The League of Gentlemen — Live Again!
Sunderland Empire, August 26 2018
I’d never been to the Sunderland Empire before. Truth to tell, it’s quite a long time since I’ve been to Sunderland at all, but the Empire is a fabulous building, kind of unassuming from the outside, but beautiful within, and full of the patina of luxury and glamour and that must have greeted theatre audiences in the glory days of music hall. A mirror on the way into the bar reminds us that this place was opened in 1907 by Vesta Tilley, if we needed any more indication that this place has a rich and varied history. Of course, perhaps the most famous story about the Empire is that it’s the place where Sid James met his demise. Well, Sid may have died here, but the League of Gentlemen didn’t. Poor old Plop-Plop the panda wasn’t quite so lucky. But more on that later…
As an aside here, there was clearly a Neil Sedaka fan kicking around somewhere this evening, because all the music pre- and post show, and in the the interval, seemed to be a selection of yer man Sedaka’s Greatest Hits. Not that I’m complaining, as this was all the quality Brill Building stuff. Happy Birthday, Sweet Sixteen all the way, and none of that Solitaire drool, which crosses the line from being mawkish to just plain, full-on mawk. No fun for anyone.
Anyway, as you can see from the pictures, I was up in the Gods in nosebleed territory. That said, the rake up here is pretty steep, so I didn’t have any problems with having to try and peer through someone else’s head for the whole evening.
The show is broken into two very distinct halves. The first, before the interval, is stripped back, and more in keeping with their early material and style. They take to the stage in evening wear; the props and sets are are simple, and moved around mostly by the performers themselves. We get some old favourites, like Go Johnny, Go Go Go!, Trivial Pursuit, and Pop, bookended by Legs Akimbo. For me, the pick of this section was Mick McNamara, providing an early reminder, if anyone needed it, of the black, mordant (to steal one of Mick’s own words) undertow a lot of their best material has.
The second half changes things up a gear, and uses much more in the way of audio visual trickery. We begin where were left off at the end of the final 2017 special, in Papa Lazarou’s Wife Mine. Of course, what else would we have as a result of that but an Edward & Tubbs musical duet? It’s also the first run out for some of the larger sets, which are artfully done, and work very smoothly indeed.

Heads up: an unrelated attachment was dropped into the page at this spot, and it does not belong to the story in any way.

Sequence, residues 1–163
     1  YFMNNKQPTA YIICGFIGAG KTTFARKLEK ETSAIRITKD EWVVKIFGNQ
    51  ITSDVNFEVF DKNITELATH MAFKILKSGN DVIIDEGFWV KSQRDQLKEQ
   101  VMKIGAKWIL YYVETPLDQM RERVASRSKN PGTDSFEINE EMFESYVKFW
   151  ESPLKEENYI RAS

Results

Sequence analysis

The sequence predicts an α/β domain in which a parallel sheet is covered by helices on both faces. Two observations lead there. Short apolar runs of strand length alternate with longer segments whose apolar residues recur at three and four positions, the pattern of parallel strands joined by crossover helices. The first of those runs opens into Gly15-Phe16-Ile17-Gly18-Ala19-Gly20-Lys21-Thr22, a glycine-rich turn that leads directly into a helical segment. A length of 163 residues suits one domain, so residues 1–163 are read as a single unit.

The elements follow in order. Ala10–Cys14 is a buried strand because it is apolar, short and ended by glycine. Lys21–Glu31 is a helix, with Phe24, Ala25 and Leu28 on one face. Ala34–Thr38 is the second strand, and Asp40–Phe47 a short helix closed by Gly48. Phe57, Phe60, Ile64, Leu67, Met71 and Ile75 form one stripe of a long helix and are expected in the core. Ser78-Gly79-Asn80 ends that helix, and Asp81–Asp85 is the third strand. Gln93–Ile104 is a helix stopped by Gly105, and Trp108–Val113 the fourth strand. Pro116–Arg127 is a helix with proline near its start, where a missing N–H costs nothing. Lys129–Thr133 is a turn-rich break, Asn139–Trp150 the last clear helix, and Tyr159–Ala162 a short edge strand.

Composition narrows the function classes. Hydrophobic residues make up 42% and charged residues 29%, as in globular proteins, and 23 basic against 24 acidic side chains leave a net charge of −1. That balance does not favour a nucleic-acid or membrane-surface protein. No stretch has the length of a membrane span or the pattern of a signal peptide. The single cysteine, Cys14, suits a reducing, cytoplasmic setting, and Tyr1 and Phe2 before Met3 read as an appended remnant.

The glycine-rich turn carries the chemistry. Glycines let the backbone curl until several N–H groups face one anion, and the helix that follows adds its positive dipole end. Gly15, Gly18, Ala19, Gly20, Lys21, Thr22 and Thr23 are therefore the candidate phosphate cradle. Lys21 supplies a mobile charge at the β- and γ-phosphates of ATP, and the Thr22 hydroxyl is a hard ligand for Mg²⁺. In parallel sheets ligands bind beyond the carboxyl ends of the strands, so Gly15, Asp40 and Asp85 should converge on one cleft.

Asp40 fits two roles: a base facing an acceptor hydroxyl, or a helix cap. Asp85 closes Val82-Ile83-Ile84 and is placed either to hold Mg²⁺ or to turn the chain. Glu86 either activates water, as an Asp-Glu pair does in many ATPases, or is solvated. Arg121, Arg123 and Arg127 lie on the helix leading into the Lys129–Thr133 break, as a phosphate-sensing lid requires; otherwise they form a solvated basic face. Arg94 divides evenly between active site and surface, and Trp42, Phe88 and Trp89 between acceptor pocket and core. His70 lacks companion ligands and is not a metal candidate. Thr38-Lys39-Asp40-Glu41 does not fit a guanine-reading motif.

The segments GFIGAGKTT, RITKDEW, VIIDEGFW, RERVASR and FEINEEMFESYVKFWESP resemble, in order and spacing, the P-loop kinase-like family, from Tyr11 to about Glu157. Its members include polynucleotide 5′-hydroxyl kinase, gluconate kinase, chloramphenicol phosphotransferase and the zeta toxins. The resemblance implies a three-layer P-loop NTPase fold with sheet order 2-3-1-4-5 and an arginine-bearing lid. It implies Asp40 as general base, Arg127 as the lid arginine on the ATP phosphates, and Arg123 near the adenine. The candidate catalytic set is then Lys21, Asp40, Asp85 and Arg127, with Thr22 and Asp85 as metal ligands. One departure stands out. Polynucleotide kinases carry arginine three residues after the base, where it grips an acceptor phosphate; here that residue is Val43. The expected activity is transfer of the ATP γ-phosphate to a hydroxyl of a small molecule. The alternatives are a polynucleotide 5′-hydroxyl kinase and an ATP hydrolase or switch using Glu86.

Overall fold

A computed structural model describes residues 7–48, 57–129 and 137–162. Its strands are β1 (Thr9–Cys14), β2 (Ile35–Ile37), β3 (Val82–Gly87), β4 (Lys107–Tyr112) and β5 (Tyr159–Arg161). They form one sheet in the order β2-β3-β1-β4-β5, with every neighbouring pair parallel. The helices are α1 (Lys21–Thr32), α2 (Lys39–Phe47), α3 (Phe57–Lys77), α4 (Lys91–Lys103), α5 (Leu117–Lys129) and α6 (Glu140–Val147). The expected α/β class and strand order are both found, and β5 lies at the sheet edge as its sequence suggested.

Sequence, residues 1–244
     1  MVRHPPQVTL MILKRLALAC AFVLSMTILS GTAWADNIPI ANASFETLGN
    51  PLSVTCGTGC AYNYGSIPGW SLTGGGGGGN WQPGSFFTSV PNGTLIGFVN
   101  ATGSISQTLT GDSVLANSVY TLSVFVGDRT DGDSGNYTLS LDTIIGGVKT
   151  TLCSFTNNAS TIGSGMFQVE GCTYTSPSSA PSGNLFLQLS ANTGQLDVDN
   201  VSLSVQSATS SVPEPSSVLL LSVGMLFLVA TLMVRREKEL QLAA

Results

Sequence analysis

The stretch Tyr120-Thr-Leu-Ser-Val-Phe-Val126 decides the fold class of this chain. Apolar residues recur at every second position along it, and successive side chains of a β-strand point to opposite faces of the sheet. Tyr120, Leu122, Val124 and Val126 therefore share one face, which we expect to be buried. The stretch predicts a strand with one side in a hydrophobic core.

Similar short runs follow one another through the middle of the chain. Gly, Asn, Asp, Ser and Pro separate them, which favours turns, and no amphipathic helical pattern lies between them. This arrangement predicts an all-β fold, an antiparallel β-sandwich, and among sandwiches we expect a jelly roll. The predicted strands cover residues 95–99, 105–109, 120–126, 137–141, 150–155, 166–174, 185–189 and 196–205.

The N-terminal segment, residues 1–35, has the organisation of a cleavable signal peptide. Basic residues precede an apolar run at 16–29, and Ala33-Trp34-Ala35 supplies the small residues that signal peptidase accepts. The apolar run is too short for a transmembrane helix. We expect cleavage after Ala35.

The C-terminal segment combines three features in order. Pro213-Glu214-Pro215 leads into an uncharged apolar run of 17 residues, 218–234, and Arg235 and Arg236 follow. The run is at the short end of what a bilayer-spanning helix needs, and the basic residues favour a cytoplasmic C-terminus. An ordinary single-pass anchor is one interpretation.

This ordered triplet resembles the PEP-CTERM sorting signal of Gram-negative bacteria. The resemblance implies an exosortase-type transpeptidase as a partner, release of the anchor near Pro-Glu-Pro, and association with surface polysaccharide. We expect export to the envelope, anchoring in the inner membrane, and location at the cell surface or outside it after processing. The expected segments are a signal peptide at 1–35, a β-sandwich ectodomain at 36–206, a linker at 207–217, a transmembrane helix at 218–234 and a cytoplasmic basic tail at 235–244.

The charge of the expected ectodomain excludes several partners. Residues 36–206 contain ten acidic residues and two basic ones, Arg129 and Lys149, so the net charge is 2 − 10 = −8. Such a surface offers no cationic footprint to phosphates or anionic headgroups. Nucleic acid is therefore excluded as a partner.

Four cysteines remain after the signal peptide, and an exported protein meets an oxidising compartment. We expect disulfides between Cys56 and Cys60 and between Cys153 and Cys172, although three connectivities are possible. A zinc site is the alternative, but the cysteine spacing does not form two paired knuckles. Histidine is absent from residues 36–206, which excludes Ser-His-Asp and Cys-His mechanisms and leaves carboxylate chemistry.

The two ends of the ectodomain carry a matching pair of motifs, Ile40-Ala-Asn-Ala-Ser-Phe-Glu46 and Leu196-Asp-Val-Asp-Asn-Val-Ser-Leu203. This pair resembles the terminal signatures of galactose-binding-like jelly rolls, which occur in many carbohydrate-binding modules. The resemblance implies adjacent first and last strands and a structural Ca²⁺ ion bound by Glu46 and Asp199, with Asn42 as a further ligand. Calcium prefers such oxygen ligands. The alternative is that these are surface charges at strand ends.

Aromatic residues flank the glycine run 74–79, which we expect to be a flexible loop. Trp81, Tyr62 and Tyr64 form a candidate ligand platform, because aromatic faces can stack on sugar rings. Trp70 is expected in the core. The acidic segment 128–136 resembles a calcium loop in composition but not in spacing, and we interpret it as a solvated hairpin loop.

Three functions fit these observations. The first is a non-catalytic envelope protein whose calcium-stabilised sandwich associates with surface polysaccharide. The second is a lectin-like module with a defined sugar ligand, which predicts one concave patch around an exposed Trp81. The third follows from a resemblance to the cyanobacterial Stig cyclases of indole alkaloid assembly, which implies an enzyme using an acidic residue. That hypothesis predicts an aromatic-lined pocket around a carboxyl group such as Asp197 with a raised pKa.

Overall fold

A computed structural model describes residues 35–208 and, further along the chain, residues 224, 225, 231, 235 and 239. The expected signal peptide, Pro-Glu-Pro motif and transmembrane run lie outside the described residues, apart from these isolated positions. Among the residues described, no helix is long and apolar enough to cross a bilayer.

But before some of the bigger set pieces, there is something much simpler, and rather more bittersweet: another runout for Toddy’s Bingo. That section was one of the highlights of the 2017 specials for me. with laughs to be sure, but threaded through with an aching sense of pathos, as he talks about the loss of his partner, a ladyboy he brought back from Thailand. This is the stuff that they do so very well, delivered pretty much note perfect.
Herr Lipp’s German Lesson is one of the highlights of the evening. It is a cavalcade of cleverly constructed bilingual filth, requiring two unsuspecting audience members to help him out. It also contains what I think is the funniest single line of the evening, when Herr Lipp flirts outrageously with the male victi…volunteer, he tells him he would “like to tickle your belly button. From the inside”. It’s also usefully educational. Who knew that translating “I am an ambassador” into German could be such a minefield?
We also get to see some other old favourites, like the well-meaning, but cursed Mr Chinnery, using lasers to perform a cataract removval on Plop-Plop the giant panda. Obviously, it’s Mr Chinnery, so you can guess the rest, but again, the use of props and the staging is really nicely done. Geoff Tipps delivers the Best Man’s Speech from Hell, and, interspersed through proceedings, is Bernice, answering “questions from the audience”, finally with the use of a crossbow.
Some the characters we left at the end of the 2017 specials are given new, and sometimes surprising, new life, such as at Pauline’s Funeral, which is not quite as final as you might first think. The Dentons make two appearances: the first is Auntie Val’s Wedding, with a starring role given to Papa Lazarou; the second is a Benjamin/Harvey flashback which provides the evening’s prime gross-out moment (and it does have some competition). It’s an absolute peach, with pretty much every bodily fluid you can imagine flying about.
Les McQueen gets to deliver a rocking, but queasily funny (in a Yewtree kind of way) 70s style musical number, before we get to the show’s finale. Who else could it be, but Edward and Tubbs? They finish the night in their local shop, coming face to face with a canvassing Tory MP, before planning an explosive end for Papa Lazarou, including a cameo for one Hilary Briss.
This is the first time I’ve seen the LoG live, but on the way out, overhearing a few other punters who’ve seen them a number of times before, tonight’s was well up to the standards they expected. That it was funny goes almost without saying, but the things that impressed me most were the clever integration of video with the stage work, and the quality of the set design, which made the whole thing move at pace, and didn’t let up. It’s clearly a show which has taken a lot of careful planning and creative energy, and it really paid off, because it was quite wonderful. But then, given their back catalogue, and the associated projects they’ve done, I’d hardly have expected anything less.